Diabetes and Cataracts

LSFeyka

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At our practice, we have a patient who is diabetic and has a cataract. There is no evidence within the records whether this is a "diabetic cataract" or not. I'm not sure whether to code this patient as E11.36 (type 2 diabetes with diabetic cataract) or E11.9 (type 2 diabetes, no complications) and H26.9 (unspecified cataract).

My gut says that the former is correct, but there is the possibility that the cataracts are due to something other than diabetes. I've reviewed the entire file and have not discovered any other details. The reason I question how to code it is that the doctor's notes state "Patient is unaware of diabetic complications," and then the next line states that the patient has cataracts.
 

tag60

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My coding handbook warns not to make assumptions about the type of cataract based on the patient's age or other conditions. It further states that cataracts in patients with diabetes are most often senile cataracts, and ..."a true diabetic cataract is rare, and its code should not be assigned unless the physician clearly identifies it as such." It states senile cataracts are more frequently seen in patients with diabetes, but they are not true diabetic cataracts. So, in your scenario you would code the unspecified cataract, or query the physician as to the type of cataract if you still are unclear.
 

mitchellde

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According to ICD-10 CM conventions and guidelines. In the alpha section under the keyword diabetes you see the word "with" the terms indented under the word with are considered to be automatic causal conditions. The provider does not need to document the causal relationship.
 

LSFeyka

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Thank you both for your responses. Forgive my inexperience, but it appears that these posts contradict each other. Am I missing something?

tag60
My coding handbook warns not to make assumptions about the type of cataract based on the patient's age or other conditions. It further states that cataracts in patients with diabetes are most often senile cataracts, and ..."a true diabetic cataract is rare, and its code should not be assigned unless the physician clearly identifies it as such." It states senile cataracts are more frequently seen in patients with diabetes, but they are not true diabetic cataracts. So, in your scenario you would code the unspecified cataract, or query the physician as to the type of cataract if you still are unclear.
From this, I read to use the separate codes.

mitchellde
According to ICD-10 CM conventions and guidelines. In the alpha section under the keyword diabetes you see the word "with" the terms indented under the word with are considered to be automatic causal conditions. The provider does not need to document the causal relationship.
But this response seems to indicate the opposite. Or is this meant to be clarification? Sorry. I kind of got "thrown" into coding when the switch to ICD-10 happened, and other than a book and a brief webinar, I'm flying blind. Thank you again.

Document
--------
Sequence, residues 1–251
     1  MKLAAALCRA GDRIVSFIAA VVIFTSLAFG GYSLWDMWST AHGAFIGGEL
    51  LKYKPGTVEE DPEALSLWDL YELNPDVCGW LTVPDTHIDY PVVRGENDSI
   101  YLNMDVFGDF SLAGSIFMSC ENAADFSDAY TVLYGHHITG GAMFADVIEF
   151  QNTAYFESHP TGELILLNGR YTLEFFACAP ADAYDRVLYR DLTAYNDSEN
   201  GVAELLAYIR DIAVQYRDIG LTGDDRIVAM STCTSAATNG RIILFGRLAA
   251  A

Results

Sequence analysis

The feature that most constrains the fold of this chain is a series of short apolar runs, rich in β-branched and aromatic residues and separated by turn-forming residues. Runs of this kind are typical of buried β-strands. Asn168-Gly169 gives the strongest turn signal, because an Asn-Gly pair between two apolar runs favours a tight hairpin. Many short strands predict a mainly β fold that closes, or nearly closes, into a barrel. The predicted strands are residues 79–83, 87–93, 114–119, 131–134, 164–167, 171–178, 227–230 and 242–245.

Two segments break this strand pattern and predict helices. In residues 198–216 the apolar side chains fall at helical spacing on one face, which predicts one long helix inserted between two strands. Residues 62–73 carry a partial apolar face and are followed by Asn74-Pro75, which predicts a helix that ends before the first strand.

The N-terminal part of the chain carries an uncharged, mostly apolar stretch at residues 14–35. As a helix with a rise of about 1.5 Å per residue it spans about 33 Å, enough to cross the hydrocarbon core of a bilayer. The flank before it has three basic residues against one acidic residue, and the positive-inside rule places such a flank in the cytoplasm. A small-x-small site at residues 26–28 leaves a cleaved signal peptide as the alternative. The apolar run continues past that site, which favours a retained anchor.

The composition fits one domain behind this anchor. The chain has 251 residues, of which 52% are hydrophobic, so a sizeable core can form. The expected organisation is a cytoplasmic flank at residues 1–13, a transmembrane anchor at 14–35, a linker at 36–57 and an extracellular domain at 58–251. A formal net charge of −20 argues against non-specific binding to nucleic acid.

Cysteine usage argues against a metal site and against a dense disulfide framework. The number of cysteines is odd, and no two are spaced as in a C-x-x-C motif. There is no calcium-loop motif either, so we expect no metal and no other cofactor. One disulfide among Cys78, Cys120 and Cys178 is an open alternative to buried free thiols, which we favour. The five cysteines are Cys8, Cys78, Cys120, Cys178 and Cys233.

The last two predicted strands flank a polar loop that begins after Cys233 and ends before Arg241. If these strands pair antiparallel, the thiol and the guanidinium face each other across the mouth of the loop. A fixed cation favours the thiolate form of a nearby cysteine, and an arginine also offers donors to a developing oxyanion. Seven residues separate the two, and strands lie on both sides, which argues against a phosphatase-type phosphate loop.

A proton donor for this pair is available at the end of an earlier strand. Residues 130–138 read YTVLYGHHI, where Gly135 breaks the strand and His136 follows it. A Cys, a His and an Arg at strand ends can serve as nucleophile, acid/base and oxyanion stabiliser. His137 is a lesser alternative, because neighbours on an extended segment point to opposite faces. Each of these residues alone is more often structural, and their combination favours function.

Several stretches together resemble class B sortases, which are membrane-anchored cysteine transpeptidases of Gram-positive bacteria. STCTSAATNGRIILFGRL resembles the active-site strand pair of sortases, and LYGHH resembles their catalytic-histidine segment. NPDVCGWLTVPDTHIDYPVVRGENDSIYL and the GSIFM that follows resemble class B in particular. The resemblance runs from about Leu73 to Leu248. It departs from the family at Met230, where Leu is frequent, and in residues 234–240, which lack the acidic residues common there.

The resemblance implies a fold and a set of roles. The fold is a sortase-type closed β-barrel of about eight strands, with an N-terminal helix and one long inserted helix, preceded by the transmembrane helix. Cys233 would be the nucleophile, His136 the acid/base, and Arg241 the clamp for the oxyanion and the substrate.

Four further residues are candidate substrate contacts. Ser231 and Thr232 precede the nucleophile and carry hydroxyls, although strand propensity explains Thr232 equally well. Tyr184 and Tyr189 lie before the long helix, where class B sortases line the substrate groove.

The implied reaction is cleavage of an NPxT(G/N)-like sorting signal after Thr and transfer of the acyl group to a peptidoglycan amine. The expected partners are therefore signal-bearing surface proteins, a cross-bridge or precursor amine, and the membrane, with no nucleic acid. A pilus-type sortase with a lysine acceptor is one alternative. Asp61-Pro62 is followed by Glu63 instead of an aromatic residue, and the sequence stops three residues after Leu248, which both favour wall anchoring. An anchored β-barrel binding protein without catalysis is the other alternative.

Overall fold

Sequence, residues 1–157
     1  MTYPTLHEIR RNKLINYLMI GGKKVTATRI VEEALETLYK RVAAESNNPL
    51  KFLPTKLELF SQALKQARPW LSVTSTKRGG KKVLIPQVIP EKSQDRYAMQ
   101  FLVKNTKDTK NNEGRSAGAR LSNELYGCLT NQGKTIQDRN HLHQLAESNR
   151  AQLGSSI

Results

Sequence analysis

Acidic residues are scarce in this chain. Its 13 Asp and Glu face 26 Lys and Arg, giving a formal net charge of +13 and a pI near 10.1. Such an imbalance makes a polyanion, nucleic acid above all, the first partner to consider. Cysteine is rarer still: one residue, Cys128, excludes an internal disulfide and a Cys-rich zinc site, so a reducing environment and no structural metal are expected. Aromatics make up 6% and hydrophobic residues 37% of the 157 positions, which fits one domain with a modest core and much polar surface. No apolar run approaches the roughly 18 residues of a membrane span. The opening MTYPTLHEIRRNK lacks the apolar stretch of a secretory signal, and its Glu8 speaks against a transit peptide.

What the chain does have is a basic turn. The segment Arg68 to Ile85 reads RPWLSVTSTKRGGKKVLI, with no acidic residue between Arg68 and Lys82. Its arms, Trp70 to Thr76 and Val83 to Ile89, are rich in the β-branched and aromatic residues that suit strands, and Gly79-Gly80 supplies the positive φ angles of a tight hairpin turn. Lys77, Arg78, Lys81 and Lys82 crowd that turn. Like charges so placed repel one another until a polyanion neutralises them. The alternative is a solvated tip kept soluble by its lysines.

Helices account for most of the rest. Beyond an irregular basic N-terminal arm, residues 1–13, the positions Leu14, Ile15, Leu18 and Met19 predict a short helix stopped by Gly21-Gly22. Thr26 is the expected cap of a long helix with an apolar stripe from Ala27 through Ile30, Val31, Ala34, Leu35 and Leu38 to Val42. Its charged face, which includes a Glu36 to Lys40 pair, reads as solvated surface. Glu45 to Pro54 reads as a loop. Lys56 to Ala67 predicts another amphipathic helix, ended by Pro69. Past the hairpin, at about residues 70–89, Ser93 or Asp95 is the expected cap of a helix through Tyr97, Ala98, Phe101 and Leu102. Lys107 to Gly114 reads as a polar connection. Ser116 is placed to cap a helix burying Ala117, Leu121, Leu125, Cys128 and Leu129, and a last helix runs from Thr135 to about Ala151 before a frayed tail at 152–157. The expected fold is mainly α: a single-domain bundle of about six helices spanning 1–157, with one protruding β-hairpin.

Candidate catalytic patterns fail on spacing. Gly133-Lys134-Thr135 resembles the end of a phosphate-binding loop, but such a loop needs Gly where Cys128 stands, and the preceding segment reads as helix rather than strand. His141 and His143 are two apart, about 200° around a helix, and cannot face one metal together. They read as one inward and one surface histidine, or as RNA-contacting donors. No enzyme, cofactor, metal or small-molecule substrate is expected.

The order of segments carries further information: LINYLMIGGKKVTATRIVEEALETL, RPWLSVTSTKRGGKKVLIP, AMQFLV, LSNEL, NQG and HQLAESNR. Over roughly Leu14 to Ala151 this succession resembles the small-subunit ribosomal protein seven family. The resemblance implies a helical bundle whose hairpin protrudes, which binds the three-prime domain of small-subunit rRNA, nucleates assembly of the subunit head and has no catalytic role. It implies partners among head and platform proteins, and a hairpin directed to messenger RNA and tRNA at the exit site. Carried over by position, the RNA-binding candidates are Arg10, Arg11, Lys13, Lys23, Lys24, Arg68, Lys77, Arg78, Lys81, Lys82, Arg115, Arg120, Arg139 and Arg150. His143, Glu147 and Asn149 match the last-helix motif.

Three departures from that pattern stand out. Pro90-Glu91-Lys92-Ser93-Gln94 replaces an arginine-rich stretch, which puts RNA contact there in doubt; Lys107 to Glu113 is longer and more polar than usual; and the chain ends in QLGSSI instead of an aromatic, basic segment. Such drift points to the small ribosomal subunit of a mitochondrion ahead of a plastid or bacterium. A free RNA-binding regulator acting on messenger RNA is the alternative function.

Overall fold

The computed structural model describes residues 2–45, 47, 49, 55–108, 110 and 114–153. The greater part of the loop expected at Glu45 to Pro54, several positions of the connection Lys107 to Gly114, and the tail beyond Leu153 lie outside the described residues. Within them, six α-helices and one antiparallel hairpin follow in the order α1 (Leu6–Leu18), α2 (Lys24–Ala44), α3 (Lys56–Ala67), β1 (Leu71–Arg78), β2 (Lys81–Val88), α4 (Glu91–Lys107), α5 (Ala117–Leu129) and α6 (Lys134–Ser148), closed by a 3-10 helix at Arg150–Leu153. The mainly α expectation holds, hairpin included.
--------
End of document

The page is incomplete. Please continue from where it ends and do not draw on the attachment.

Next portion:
tag60

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I believe this means that if your provider documented "diabetes WITH cataract," then per the guidelines the word "with" is interpreted to mean "associated with" or "due to." So in that case you would code diabetic cataract. I did not read in your post that it was worded this way, but you seemed to say cataract was on a separate line, apart from diabetes (?). Can you give us the exact wording?

My answers are just my understanding after doing some research, and I don't mind being corrected if I'm wrong.
 

mitchellde

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This is new for ICD-10 CM. the provider does not have to document the relationship or the word with in the documentation. If the complication is listed under the term "with" in the alpha section of the code book then it is a presumed causal relationship and does not have to be documented as such in the note. I contacted the AHA coding clinics on this as I too did not understand it and this was the response I received. They were very clear in the explanation. This is very different from the way we were taught prior to ICD-10 CM, and we will need to learn to accept that things are changing!
 

LSFeyka

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The exact wording is:

"Diabetes mellitus was diagnosed in 2011. Eye evaluation 2 weeks ago revealed cataracts.

"He is not aware of diabetic complications."

I don't see a causal relationship noted, but I also don't have formal diagnoses noted in this report yet. The doctor will dictate them shortly.

I guess my question is that according to my copy of the guidebook, it appears that they're not connected, but if I read mitchellde correctly, that doesn't matter. The patient has diabetes AND cataracts, so the causal relationship is inferred? How interesting. It's a bit counter-intuitive, isn't it? But, if that's what AHA says, then that's what goes.

Thank you both so very much for your help. I feel so much better knowing that when I have some interesting cases to code I will receive such expert help! Thank you again!
 
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mitchellde